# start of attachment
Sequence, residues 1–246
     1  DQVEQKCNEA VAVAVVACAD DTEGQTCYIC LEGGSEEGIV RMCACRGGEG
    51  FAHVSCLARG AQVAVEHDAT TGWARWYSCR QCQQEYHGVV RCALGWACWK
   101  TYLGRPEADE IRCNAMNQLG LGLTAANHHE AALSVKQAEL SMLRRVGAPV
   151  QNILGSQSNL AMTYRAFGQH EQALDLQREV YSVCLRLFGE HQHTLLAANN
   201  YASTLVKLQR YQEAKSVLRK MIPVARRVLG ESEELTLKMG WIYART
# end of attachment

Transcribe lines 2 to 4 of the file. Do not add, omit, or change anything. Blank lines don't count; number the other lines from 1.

     1  DQVEQKCNEA VAVAVVACAD DTEGQTCYIC LEGGSEEGIV RMCACRGGEG
    51  FAHVSCLARG AQVAVEHDAT TGWARWYSCR QCQQEYHGVV RCALGWACWK
   101  TYLGRPEADE IRCNAMNQLG LGLTAANHHE AALSVKQAEL SMLRRVGAPV